As was also set out by the Opposition Division in the decision under appeal, the resharpenable blades disclosed in document D3 have a considerable lateral length, whereas the cutting elements of the saw in accordance with the patent in suit are by contrast relatively narrow in extent and consequently measures are involved so as to ensure lateral stability. Such problems of lateral stability do not occur in the wood working mechanism disclosed in document D3. Although in the description of document D3 reference is made to a mere grooving machine which, as was submitted by the appellant, could have a single narrow blade, the reference to cutting blades in document D3 and the absence of any lateral retention such as ridges and grooves, excludes that the skilled person would consider the suitability of this known construction, or parts of it, for improvement of the cutting element tensioning means known from document D1.
4.7. Document D2 discloses the use of a single wedge, with a groove on its leading side and a ridge on its trailing side, for tightening the cutting elements of a circular saw. The wedge is tightened by means of a nut that can be screwed on a stud that is fixed to the wedge. This prior art arrangement does clearly not allow easy replacement of the cutting element and tightening of the wedge within narrow tolerances, mainly because the nut is accessible through a narrow hole only.
Thus document D2 does also not provide a teaching so as to lead the skilled person to modify the prior art disclosed in document D1 in such a manner to arrive at the subject-matter of claim 1 without resorting to an inventive step.
4.8. Document D4, which the appellant used in its alternative line of argument as the starting point for the assessment of inventive step, does not show V-grooves and ridges in the positions as defined in claim 1. The appellant was of the opinion that these features were of no importance and could be left out of consideration when considering whether the subject-matter of claim 1 was based on an inventive activity.
However, as clearly follows from the functioning of the claimed cutting element fastening arrangement the selection of the position of the V-grooves and ridges is not a feature which is independent of the rest of the features of claim. Rather its combination with the other features of claim 1 is essential for the proper functioning of the fastening arrangement. Usually the cutting elements of the type shown in document D1 are made of very hard, and thus brittle, material whereas the wedge and disc are made of tool steel. In such an arrangement the provision of ridges on the cutting elements avoids that the clamping force leads to breakage or splitting of the cutting elements to be feared in case the clamping force is applied to a V-grooved leading or trailing edge of the cutting elements.
Furthermore the wedges shown in document D4 are too narrow to give the skilled person any incentive for using a screw in the manner as claimed in the patent in suit because there is no place left. Indeed there is, in the Board's opinion, also no objectively derivable reason why the skilled person should seek improvement of this arrangement (dating from 1913) by applying teachings from document D3 (dating from 1977) relating to a wood-working mechanism for planing, grooving or multiple slotting of work pieces where the main object is the sharpening of the blades without changing the effective height of the leading face of the blades and even tensioning of cutting elements or lateral stability of the fastening arrangement is not at all addressed.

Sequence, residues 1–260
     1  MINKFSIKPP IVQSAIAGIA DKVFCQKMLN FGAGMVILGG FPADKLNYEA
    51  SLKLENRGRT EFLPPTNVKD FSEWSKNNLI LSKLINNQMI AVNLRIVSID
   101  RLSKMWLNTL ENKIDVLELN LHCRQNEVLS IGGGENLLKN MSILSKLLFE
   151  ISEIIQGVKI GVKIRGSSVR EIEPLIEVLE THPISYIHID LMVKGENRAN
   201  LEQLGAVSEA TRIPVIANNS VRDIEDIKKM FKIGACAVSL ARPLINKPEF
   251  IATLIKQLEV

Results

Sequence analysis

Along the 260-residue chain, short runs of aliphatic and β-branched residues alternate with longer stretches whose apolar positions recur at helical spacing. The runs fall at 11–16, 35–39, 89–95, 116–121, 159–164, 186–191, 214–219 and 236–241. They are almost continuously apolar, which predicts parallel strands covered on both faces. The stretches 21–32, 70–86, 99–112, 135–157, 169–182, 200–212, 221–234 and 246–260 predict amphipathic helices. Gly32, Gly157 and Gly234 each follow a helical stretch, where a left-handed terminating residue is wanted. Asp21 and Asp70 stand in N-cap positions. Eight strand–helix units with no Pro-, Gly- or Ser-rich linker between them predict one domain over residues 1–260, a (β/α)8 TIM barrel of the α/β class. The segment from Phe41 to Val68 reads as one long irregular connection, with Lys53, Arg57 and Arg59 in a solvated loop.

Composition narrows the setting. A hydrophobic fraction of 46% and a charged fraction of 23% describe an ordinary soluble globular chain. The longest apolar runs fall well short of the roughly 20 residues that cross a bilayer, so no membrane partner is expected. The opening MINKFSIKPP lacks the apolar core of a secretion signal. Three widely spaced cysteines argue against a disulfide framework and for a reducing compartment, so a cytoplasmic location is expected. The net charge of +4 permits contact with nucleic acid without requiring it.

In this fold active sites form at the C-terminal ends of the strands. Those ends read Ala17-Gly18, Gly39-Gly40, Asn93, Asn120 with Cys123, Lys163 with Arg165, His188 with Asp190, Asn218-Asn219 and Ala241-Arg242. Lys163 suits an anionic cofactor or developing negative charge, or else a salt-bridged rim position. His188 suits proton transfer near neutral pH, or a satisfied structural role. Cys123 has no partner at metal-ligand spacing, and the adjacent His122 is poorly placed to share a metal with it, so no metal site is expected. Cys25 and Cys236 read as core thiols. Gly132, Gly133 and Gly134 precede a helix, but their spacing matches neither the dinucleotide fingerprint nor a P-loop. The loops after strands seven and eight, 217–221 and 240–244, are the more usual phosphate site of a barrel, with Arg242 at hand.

4.9. The further documents relied upon by the appellant including the late cited documents D5, D10 and D15 were used merely as support of the fact that cutting elements that are fixed by means of wedges tensioned by means of a screw were in itself well known in the machine tool art.
However, as follows from the above analysis, the combination of features of claim 1 involves more than a simple application of a screw tensioned wedge for mounting of a cutting element to a rotatable disc and therefore these documents cannot be considered particularly relevant.
4.10. The Board sees no need to consider in detail the remaining documents introduced into the proceedings but not any longer relied upon by the appellant. The prior art disclosed by these documents does not come nearer to the subject-matter claimed than the prior art according to the documents discussed in this decision and they do also not suggest in the context of the claimed rotatable saw any combination of features leading without inventive step to the cutting saw arrangement of claim 1.
4.11. The Board therefore comes to the conclusion that the subject-matter of claim 1 of the respondent's request cannot be derived in an obvious manner from the cited prior art and accordingly involves an inventive step (Article 56 EPC). This claim, together with dependent claim 2, the amended description and drawing as filed during the oral proceedings therefore form a suitable basis for maintenance of the patent in amended form.
For these reasons it is decided that:
1. The decision under appeal is set aside.
2. The case is remitted to the first instance with the order to maintain the patent with the claims, the description and drawing as submitted during the oral proceedings held on 14 January 1997.